Mapping the price fluctuations of Greek bonds over the last few months -- intrinsically the market’s perception of the likelihood of Hellenic bankruptcy -- would make for a flawless rollercoaster blueprint. Driven by market worries, spiked by every last word from German Chancellor Angela Merkel, exacerbated by untimely credit-rating downgrades, and greatly feared by the Papandreou administration, it would make for a vertiginous ride.
It now seems like at the end of every weekend, Greek, European, and International Monetary Fund (IMF) authorities come up with a new and improved plan to halt the sovereign debt crisis that has been unfolding since December. On May 9, the EU presented the world with a 750 billion-euro ($1 trillion) loan-guarantee package seeking to put a "definitive" end to debt doubts. But creating a special purpose vehicle to buy European debt is just a fancy way of solving an issue of too much debt by issuing more debt. After a day of calm, markets remained unconvinced that such a flood of liquidity could put an end to what was at heart a solvency problem.
A week before (May 1), the Greek government, in coordination with the IMF and the other eurozone members, announced that it had agreed to a gigantic rescue package with strong conditionality incentives for domestic reforms; analysts had hoped that this would be the beginning of a smoother end to an already extended ride. But last week's tragic protests in Athens, coupled with continued market stress and credit downgrades, point elsewhere. It should come as no surprise: Look beyond the big-number headlines and into the deal's details, and it becomes clear that the thrills are anything but over.
Somewhat paradoxically, loss of monetary independence coupled with market slumber enabled successive Greek governments to avoid much-needed structural reform, thus allowing the monstrous public sector to keep feeding off cheap credit. The debt orgy continued until late last year, when investors worldwide awoke to the fact that Greek bonds are not, well, German.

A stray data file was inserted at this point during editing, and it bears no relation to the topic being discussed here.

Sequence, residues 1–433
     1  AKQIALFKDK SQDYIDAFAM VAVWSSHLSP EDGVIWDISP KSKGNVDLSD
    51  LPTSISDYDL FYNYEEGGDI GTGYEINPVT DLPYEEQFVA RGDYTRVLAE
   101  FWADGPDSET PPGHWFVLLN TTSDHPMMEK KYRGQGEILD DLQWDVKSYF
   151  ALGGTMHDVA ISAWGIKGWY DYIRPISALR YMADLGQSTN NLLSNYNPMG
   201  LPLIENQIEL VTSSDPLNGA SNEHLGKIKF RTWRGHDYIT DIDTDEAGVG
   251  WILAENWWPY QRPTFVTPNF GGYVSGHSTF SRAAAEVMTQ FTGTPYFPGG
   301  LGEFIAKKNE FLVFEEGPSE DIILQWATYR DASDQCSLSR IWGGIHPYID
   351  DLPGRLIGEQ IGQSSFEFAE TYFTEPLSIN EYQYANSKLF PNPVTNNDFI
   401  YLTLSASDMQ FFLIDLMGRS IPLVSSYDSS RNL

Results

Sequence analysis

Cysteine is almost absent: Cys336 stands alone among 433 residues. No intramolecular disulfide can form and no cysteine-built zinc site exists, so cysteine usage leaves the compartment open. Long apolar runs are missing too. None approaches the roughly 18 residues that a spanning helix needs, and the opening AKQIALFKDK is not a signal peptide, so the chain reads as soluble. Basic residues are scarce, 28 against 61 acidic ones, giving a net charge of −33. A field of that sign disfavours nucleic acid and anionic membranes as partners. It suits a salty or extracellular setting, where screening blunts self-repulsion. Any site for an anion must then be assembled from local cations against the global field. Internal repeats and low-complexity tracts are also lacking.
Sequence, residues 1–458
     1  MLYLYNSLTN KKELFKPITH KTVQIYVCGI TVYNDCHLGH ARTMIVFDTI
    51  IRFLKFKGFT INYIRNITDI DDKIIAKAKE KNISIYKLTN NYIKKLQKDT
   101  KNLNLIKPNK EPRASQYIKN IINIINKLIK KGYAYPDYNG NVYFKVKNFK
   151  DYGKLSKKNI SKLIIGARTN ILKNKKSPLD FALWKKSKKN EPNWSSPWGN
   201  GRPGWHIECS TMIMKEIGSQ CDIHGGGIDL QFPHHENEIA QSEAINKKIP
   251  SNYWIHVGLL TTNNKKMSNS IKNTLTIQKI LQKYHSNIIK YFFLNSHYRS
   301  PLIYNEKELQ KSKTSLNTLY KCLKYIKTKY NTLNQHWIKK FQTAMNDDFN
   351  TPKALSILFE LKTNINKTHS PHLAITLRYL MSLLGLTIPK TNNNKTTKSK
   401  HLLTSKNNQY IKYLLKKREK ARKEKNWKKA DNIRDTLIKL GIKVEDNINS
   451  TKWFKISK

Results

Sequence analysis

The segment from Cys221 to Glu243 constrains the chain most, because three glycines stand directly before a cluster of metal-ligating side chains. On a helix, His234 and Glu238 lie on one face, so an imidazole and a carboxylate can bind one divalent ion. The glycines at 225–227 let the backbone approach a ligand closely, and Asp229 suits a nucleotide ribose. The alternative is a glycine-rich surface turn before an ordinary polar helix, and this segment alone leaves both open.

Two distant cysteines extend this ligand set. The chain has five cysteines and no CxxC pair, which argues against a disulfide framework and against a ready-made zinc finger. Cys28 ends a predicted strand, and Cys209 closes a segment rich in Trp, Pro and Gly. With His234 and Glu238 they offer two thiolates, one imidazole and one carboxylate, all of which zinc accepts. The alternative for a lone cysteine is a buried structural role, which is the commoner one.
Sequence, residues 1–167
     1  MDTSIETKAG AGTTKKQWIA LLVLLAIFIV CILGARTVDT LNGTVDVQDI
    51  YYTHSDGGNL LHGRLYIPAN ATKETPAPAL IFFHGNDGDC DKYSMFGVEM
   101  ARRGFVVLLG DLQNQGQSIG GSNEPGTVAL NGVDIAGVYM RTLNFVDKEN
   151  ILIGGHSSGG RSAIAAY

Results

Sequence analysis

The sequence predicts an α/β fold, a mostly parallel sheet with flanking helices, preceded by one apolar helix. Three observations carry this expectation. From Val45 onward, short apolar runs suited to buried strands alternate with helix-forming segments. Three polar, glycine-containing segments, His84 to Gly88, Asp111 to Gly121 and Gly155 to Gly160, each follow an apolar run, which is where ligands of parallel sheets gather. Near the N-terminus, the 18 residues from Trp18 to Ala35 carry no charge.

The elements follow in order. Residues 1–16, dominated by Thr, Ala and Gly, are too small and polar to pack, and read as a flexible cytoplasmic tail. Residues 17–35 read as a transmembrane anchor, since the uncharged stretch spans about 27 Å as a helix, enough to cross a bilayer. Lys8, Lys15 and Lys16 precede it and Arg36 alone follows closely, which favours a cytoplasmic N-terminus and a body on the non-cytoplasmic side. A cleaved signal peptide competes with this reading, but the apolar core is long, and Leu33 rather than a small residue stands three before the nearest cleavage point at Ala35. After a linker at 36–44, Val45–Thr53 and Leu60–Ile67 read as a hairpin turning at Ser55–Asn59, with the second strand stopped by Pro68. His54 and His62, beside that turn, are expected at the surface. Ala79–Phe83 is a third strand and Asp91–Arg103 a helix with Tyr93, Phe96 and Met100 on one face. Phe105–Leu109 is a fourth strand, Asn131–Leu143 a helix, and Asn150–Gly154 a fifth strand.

Somewhere between the heated May Day protests in Athens and the frigid German electorate, a rescue package was drafted, negotiated, and passed. Sensibly, it shuns abandoning the eurozone -- a solution akin to jumping from the roof of a skyscraper to escape a fire. The plan came with the ringing endorsement of an army of economists from the IMF, the European Union, and the European Central Bank; holistically, it can best be described as a $145 billion run-of-the-mill "Washington consensus" cocktail with a moderate splash of EU-strength taxation liquor.
This means there is some good, some bad, and lots of ugly.
Greek Prime Minister George Papandreou
On the positive side, a structural base includes increasing the percentage of their workforce that companies can fire en masse, halving state-mandated severance payments, and dropping the legal requirement to take unresolved workplace disputes to arbitration. This will go a long way toward reversing the structural rigidity of the Greek economy, a land where it is so hard to fire someone that the state still has pilots on payroll for an airline that hasn't flown in years.
The fiscal bitterness brings in a public-sector wage cut by about 10 percent and pensions (public and private, all state-managed) slashed by 14 percent. It also plans for a considerable rise in the retirement age, a much-needed change to begin addressing the country's daunting demographic challenge.
The cuts are significant. They apply directly to the state budget, and at least some will have an immediate effect. Several are also quite clever. The pension and wage cuts, for instance, come from ironing out an anomaly in the payment system, whereby Greek workers and pensioners receive 14 wages: one full wage before Christmas and two half-wages -- one before Easter and one before the summer vacation. Thus, the full fiscal brunt will not be felt until December, giving the economy valuable time to adjust and perhaps some midterm structural gains. These are positive indications that the government intends to use foreign funds to effect changes that are both permanent and gradual.